More rigorously, spectral phase \(\phi(\omega)\) at an arbitrary frequency \(\omega\) may be defined with respect to the central frequency of the laser \(\omega_0\) in terms of a Taylor series as follows:

$$\phi(\omega) = \phi(\omega_0) + \frac{d \phi}{d \omega} (\omega - \omega_0) + \frac{1}{2!} \frac{d^2 \phi}{d \omega^2} (\omega - \omega_0)^2 + \frac{1}{3!}\frac{d^3 \phi}{d \omega^3} (\omega - \omega_0)^3 + \ldots$$

Using this notation, a spectral phase of arbitrary complexity can be described. The first term on the right hand side shifts the overall phase of the pulse, while the second term results in a shift in the pulse location along the time axis (hence also called 'group delay'). Together, these terms have no effect on the pulse shape which remains transform-limited. The terms that are of interest to us, with respect to pulse-shaping, are the third, fourth and higher-order terms. For example, the third term is called the second-order or quadratic phase and will stretch the pulse in the time domain. The corresponding derivative is called second-order dispersion (sometimes called group-delay dispersion or GDD) and is usually expressed in terms of \(\mathrm{fs}^2\) which we will use here (other definitions are possible - see this great reference). Similarly, for the higher order terms we get cubic phase, quartic phase, etc. and the derivatives are accordingly third-order dispersion \((\mathrm{fs}^3)\), fourth-order dispersion \((\mathrm{fs}^4)\), etc. These higher-order phases will also distort the pulse in time in addition to lengthening its duration, as we will see below.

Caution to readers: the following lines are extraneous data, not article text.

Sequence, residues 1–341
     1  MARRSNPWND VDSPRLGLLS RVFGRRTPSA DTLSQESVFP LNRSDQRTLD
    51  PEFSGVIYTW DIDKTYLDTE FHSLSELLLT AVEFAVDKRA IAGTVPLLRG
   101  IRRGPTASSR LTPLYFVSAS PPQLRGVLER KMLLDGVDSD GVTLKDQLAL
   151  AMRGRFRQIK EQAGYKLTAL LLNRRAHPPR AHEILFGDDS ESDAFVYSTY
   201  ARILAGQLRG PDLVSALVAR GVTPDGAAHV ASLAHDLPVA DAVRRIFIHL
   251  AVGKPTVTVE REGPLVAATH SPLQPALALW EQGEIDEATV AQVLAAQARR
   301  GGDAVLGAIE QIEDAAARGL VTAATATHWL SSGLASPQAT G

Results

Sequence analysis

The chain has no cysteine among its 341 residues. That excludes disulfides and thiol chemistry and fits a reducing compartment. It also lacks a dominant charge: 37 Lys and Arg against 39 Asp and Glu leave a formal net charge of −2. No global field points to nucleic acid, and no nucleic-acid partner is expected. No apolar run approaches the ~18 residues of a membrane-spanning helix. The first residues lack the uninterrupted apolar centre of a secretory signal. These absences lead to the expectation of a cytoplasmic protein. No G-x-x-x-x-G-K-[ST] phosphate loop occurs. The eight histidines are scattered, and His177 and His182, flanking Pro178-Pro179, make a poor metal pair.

The interactive visualization above shows the electric field spectrum and time signature of a Gaussian pulse in normalized units. The reader is encouraged to adjust the bandwidth slider to see how the pulse changes in the wavelength and time domain.

Have you found the problem yet? You may have noticed that as you increase the bandwidth, the pulse width initially decreases as expected, but eventually it starts increasing again. What's going on here?

The simulation code was written to include a hidden spectral phase, which prevents the pulse from exhibiting transform-limited behaviour. Using the additional control sliders, the reader may externally compensate this built-in spectral phase to achieve the shortest (i.e. transform-limited) pulse width. The program will let you know when you have hit the right balance. Click here to reveal the hidden dispersion. This also highlights an interesting phenomenon, that pulse broadening is a function of dispersion as well as the pulse bandwidth. The broader the spectrum, the more sensitive the pulse is to dispersion-induced stretching (see Eqn. 8 and Fig. 2 in the above mentioned ref). This tuning of spectral phase is thus, highly critical to achieving the shortest possible pulse width.